The process of recovering from an eating disorder can be challenging. In the course of attempting to overcome an eating disorder, you may discover that other physical and emotional issues can arise, which is perfectly normal and understandable.
Eating disorders can cause serious physical harm as well as long-term health issues. You have a better chance of reversing or lessening these effects if you start changing harmful behaviors sooner.
Begin the process of recovery from an eating disorder by reaching out for help from a professional. Build a healthy relationship with food and be sure to stick to a regular eating schedule.
Overcoming an eating disorder is not a race and remember to keep yourself hydrated and mindful.
Are you ready to begin the process on how to overcome an eating disorder? Tips like these can help you get back on the road to recovery and reclaim your sense of self-worth.
12 Tips To Overcome An Eating Disorder
Disturbed eating behaviors, along with distressing thoughts and emotions, are the hallmark of eating disorders.
Conditions affecting physical, psychological, and social well-being. These include anorexia, bulimia, binge eating, avoidant restrictive eating, other specified feeding and eating disorders, pica, and rumination disorder.
Adolescents and young adults are most susceptible to eating disorders. It is estimated that between 12% to 35% of the population suffers from eating disorders. Anorexia, bulimia, and binge eating disorders are the three main types.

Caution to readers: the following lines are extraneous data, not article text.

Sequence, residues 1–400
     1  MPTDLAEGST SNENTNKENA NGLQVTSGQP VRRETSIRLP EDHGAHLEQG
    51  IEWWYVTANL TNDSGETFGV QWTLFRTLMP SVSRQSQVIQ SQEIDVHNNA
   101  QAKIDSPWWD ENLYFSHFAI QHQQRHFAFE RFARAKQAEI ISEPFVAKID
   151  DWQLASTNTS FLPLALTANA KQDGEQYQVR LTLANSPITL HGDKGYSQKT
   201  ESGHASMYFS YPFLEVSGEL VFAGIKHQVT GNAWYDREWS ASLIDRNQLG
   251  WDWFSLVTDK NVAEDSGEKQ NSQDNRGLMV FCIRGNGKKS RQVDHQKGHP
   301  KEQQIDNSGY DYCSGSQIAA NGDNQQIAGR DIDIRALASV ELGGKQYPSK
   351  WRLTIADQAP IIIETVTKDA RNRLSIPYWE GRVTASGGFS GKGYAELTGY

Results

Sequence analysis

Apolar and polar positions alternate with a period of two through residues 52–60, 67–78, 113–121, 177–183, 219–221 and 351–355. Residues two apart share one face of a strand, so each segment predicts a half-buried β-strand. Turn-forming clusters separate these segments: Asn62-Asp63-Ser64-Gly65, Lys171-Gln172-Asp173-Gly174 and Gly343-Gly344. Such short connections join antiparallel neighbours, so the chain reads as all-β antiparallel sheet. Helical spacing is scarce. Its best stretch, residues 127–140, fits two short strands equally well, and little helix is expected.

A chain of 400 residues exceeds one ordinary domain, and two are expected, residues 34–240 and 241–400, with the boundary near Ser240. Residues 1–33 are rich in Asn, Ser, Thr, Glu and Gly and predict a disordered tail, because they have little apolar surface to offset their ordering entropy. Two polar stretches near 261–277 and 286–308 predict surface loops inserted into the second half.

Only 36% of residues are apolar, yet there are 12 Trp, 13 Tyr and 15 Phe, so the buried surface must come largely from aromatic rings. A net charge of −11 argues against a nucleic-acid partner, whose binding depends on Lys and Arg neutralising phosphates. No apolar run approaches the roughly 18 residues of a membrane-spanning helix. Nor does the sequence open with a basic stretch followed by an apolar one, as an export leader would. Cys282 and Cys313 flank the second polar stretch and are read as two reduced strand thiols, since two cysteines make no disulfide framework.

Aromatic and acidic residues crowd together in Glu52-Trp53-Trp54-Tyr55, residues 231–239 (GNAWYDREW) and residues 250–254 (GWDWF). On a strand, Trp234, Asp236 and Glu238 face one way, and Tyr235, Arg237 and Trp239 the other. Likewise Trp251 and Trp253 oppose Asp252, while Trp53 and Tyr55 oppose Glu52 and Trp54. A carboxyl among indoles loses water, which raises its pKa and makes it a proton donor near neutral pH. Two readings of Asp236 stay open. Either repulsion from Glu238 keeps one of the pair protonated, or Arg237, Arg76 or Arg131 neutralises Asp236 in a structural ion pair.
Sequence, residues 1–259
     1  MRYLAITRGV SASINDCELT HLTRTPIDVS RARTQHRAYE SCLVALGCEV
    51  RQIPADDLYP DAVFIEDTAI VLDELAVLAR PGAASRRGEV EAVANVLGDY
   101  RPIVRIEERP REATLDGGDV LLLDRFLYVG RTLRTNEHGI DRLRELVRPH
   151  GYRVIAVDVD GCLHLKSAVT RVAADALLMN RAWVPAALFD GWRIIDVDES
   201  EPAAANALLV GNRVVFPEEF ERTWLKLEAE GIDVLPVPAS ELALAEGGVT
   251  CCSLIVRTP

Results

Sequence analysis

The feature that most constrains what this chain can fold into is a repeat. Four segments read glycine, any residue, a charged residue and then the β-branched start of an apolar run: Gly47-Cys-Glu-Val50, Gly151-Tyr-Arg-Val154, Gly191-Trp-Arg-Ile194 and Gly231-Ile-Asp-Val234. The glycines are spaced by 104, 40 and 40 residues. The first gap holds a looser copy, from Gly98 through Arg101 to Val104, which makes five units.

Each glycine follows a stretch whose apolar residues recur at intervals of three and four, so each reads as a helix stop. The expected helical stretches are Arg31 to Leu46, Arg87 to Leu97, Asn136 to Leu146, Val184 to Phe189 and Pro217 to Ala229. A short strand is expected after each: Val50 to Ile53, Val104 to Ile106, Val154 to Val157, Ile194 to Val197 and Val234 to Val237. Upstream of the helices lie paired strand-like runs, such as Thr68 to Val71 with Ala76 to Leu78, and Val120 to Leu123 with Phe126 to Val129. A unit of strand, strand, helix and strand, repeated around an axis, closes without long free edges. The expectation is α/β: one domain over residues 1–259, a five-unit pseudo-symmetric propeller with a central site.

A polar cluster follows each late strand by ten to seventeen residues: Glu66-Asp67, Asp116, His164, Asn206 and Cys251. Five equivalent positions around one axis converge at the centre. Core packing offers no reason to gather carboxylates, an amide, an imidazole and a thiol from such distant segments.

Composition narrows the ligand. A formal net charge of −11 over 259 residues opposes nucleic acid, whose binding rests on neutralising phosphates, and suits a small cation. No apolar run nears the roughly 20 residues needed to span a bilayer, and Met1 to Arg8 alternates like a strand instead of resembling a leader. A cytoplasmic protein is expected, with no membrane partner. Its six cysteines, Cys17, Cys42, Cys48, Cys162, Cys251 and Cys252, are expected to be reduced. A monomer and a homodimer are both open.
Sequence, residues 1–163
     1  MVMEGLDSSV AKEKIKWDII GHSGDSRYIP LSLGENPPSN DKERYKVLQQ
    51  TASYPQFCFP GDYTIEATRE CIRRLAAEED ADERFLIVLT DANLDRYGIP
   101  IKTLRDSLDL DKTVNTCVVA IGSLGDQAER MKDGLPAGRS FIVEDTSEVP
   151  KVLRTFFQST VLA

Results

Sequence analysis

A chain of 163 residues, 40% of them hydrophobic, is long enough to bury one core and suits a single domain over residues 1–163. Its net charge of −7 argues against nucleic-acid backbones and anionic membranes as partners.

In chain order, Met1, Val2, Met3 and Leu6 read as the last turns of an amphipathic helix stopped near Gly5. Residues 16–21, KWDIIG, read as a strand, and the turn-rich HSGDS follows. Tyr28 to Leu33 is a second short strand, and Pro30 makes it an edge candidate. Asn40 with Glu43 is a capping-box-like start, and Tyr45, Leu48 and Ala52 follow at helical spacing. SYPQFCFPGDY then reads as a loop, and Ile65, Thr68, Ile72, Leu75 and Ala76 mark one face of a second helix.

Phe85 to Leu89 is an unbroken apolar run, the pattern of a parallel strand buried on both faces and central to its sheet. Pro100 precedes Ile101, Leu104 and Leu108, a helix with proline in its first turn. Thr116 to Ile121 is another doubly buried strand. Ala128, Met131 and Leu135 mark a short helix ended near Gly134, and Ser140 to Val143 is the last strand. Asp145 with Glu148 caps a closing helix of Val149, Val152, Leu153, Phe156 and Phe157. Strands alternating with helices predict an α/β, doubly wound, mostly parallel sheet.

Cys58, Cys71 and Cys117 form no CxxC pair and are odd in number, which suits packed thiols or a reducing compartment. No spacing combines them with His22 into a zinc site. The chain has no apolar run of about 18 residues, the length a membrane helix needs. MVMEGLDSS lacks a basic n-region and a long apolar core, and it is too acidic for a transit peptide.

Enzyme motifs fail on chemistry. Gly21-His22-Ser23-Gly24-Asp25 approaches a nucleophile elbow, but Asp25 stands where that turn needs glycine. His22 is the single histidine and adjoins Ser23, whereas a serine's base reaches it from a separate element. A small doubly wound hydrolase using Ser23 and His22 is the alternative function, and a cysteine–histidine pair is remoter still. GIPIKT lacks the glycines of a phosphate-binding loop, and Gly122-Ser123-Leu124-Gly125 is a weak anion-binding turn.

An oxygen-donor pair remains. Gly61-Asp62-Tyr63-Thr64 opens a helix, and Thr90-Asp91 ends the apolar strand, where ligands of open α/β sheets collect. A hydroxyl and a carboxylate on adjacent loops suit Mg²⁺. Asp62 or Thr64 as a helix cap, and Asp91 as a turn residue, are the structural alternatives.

Admitting that you have an eating disorder is the first step toward recovery. This is a difficult admission to make, especially if you still believe even if it’s in the back of your mind that losing weight is the key to happiness, confidence, and success.
Even when you realize this isn’t the case, it’s difficult to break old habits.
The good news is that you can unlearn the behaviors you’ve acquired. Anyone can develop an eating disorder, and anyone can recover from it.
However, overcoming an eating disorder entails more than just quitting bad habits. It’s also about rediscovering who you are beyond your eating habits, weight, and body image and learning new ways to cope with emotional pain.
Below are some tips on how to overcome your eating disorder.
1. Reach out for support
Opening up about the problem once you’ve decided to make a change is a crucial step on the road to recovery.
Because seeking help for an eating disorder can be frightening or embarrassing, it’s critical to find someone who will be supportive and truly listens to you without judging or rejecting you.
This could be a trusted friend or family member, as well as a youth leader, teacher, or counselor. Alternatively, you may prefer to confide in a therapist or doctor.
2. Getting treatment for an eating disorder
While there are numerous treatment options for those suffering from eating disorders, it is critical to find the treatment, or combination of treatments, that is most effective for you.
More than just your symptoms and bad eating habits should be addressed in effective treatment.
It should also address the problem’s root causes, such as the emotional triggers that lead to disordered eating and your inability to cope with stress, anxiety, fear, sadness, or other unpleasant emotions.
Since eating disorders can have serious emotional, medical, and nutritional consequences, having a group of experts who can address all aspects of your problem is critical.
3. Deal with emotional pain more healthily.